20 Prompts for Reflection for Rosh Hashanah (+ Free Download)

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20 Prompts for Reflection for Rosh Hashanah

The High Holidays are busy and our best intentions to connect with the spirit of the holiday can fall to the bottom of our to-do list.

Before the holidays begin, it is possible is to carve out a little time to myself and focus on reflecting on the last year and setting intentions for the year to come.

Here are the 20 prompts to support you.

If you crave time for yourself where you have space to think, feel, and pray, this is for you. 

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From the Jewish Food Hero Kitchen: Twice Baked Sweet Potato Tzimmes

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Twice baked sweet potato Tzimmes

A new twist on classic tzimmes: a twice baked sweet potato version.

Tzimmes (sometimes spelled tsimmes) is a traditional Ashkenazi Jewish sweet stew typically made from carrots and dried fruits such as prunes or raisins, often combined with other root vegetables.

Tzimmes is often part of the Rosh Hashanah meal when it is traditional to eat sweet dishes.  (Good to know that it can be served for Pesach/Passover too as it meets all the kosher for Passover requirement.)

I’ve adapted a traditional tzimmes recipe with healthy ingredients that are all plant based.

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Returning to Self: A Feminine Approach to Teshuva

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Returnin to Self: A feminine approach to Teshuva

With the High Holy Days approaching, I’ve been thinking about Teshuva and how I want to observe a day of atonement this year. However, all the guides and resources for this process I’ve come across feel distant, hard to relate to, and lacking in empathy. In other words, not great.

I’m seeking a more supportive, feminine Teshuva experience.

Teshuvah in Hebrew means to repent and chet means to sin. Looking deeper into the etymology and literal meanings of these words, a more nuanced story emerges.

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Chag Notebook: Leah Penniman

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Chag Notebook: Leah Penniman

Leah Penniman is an educator, farmer, and food justice activist from Soul Fire Farm in New York State.  She is committed to dismantling the oppressive structures that misguide our food system, reconnecting marginalized communities to land, and upholding our responsibility to steward the land the nourishes us. I am honored she agreed to share her thoughts with us

Let’s get to know Leah and learn from her.

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Chag Notebook: Andrea Grinberg

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Andrea Grinberg is the co-owner of Wrapunzel, a business that sells beautiful head coverings for the global Jewish community. Earlier this year I was browsing YouTube, looking for inspiring Jewish media, when I found Andrea’s channel. She instantly charmed me. I was touched by how much meaning she’s found in Judaism and how her business is in service to our Jewish female community.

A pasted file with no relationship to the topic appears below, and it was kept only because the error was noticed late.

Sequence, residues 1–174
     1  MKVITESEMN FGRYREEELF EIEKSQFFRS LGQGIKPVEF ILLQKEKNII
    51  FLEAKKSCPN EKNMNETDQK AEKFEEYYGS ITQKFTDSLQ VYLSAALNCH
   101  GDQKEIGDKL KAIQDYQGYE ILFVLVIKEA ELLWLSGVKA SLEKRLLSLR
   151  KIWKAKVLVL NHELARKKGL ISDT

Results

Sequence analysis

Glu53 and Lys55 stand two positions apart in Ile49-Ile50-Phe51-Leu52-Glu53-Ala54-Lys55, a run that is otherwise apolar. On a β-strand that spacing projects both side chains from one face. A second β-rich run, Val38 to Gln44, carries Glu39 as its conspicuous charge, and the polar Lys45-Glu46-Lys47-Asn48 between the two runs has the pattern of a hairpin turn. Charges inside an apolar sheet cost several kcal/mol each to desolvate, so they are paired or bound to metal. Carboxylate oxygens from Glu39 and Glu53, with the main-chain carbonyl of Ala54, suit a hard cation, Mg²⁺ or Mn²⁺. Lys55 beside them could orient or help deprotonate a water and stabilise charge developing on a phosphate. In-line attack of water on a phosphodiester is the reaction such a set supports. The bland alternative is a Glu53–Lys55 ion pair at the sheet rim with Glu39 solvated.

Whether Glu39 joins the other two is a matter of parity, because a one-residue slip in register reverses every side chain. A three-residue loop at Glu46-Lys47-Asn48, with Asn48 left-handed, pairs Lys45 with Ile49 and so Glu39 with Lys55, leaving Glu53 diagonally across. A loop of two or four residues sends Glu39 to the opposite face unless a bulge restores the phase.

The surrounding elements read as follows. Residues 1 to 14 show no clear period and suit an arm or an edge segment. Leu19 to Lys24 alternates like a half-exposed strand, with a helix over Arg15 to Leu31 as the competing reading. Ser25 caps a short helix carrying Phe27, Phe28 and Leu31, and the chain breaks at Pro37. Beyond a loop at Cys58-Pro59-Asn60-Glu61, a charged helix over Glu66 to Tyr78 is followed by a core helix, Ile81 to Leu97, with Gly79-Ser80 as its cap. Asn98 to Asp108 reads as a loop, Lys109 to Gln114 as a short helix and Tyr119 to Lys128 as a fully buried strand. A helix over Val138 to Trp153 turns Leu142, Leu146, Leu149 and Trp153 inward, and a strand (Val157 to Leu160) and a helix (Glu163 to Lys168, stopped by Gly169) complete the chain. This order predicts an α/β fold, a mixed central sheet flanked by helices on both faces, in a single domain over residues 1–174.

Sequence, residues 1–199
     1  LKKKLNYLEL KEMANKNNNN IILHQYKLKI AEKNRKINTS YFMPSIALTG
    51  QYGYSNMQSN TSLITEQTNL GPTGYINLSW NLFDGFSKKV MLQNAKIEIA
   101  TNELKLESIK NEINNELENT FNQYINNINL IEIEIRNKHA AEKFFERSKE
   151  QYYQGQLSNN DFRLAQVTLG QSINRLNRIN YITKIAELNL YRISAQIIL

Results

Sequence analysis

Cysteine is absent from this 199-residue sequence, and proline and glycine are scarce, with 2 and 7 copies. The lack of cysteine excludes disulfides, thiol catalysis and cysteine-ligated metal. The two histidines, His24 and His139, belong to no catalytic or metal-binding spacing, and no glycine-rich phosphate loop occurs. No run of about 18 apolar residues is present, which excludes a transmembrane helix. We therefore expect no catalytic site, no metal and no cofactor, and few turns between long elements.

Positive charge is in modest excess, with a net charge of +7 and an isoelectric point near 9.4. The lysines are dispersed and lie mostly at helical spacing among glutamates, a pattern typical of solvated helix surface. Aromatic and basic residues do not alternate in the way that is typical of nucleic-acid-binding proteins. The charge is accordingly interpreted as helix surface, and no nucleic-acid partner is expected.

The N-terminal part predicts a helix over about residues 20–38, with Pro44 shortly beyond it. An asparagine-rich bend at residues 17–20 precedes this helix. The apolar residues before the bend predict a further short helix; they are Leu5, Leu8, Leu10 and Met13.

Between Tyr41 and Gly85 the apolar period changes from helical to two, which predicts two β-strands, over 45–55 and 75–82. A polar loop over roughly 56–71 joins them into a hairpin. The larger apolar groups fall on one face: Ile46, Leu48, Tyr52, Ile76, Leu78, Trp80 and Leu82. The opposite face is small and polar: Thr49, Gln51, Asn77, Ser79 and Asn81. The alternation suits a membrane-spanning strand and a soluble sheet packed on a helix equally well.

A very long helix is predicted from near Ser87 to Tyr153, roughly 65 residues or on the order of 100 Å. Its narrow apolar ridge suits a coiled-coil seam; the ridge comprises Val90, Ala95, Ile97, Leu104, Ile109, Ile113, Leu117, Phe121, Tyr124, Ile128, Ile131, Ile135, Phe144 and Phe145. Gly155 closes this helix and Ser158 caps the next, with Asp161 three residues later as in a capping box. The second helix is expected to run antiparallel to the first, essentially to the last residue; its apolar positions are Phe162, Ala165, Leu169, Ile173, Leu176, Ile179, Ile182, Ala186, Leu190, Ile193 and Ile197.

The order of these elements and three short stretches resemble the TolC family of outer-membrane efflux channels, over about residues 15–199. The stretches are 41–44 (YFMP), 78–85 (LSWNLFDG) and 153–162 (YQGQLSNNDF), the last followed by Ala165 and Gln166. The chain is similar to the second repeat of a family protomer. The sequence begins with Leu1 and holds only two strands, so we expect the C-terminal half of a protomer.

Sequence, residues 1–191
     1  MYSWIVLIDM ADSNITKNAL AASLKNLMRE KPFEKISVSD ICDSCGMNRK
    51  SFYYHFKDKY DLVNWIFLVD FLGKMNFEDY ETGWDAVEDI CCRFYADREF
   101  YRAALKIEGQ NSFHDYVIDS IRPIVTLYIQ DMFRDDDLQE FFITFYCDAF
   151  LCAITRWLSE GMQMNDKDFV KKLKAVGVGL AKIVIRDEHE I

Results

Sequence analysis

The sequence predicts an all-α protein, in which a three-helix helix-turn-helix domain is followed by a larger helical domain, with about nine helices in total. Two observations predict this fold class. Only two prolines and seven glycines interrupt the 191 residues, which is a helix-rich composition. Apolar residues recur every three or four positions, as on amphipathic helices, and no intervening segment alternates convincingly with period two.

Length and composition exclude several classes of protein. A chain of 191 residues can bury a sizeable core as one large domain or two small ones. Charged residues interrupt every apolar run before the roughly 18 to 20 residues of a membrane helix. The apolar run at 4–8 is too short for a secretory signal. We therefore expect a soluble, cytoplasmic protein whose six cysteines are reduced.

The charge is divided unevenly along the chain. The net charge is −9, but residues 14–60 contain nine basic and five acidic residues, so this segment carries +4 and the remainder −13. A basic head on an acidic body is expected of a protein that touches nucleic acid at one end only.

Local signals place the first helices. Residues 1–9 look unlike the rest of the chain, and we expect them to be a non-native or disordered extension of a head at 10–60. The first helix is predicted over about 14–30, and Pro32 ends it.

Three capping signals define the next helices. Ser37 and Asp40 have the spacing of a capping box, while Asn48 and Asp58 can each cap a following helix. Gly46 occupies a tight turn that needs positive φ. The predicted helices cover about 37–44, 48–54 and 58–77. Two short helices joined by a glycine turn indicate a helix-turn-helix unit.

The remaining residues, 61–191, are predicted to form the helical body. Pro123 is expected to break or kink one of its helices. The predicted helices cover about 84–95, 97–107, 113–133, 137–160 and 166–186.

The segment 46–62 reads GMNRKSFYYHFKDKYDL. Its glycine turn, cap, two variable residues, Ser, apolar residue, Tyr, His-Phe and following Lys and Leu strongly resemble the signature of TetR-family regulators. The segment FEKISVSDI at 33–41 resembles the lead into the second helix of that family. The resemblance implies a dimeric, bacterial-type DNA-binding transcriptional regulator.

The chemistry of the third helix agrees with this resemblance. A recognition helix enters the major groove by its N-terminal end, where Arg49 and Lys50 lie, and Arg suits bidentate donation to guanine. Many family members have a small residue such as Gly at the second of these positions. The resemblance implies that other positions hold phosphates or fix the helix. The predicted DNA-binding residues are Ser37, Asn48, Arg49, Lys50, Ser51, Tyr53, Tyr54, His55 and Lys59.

Her work aligns with my desire to create more beautiful Jewish objects for women, so I was excited when she agreed to be interview for this series. Let’s get to know Andrea and learn from her.

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Satisfying Your Summertime Sugar Cravings

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Summer is the perfect time to enjoy sweets, and getting creative with healthy desserts is one way to meet this desire. There is an abundance of fresh produce, and the warmer temperature incentivizes lighter options.

Plant-based eating carries over to dessert, too. As a reminder, plant-based eating includes vegetables, fruits, tubers, whole grains, and legumes (and excludes meat, dairy, eggs, and highly-processed foods).  

This means that there are SO many options for healthy desserts based on a plant-centered approach. Serving healthy desserts is a way of giving your family and guests food that is good for them while still satiating their craving for something sweet.

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Once Upon a Time

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Once upon a time there was a Jewish woman who was living in a kingdom without many other people like her.

Before many of the Jewish holidays, you would find this woman at her computer, Googling “Sukkot dates in 2015” or opening her digital calendar to reference Hebcal. It was the same process month after month, year after year.

She felt frustrated with the options available for tracking the Jewish holidays. None of them were inspiring, and certainly none of them added beauty or nourishment to her life.

So this woman decided to go on a quest to create the thing she most longed for—a work of art that also kept the Jewish holidays in the front of her mind.

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Writing a Letter to Your Child at Jewish Summer Camp (+ Prompts)

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Jewish summer camps are an institution. They’re a place for children to connect with one another, learn more about Judaism, and PLAY.

One of my favorite childhood memories was getting a letter from my mother every day while away at Jewish camp. At home she had a drawer where she kept all sorts of cards and stationery, and she would write me daily notes from home. I still cherish and remember this well, and my mom still has the letters that I sent back in reply.

It got me thinking about the pleasure inherent in writing your child a note while they’re away at summer day camp or overnight camp for both the parent and the child.

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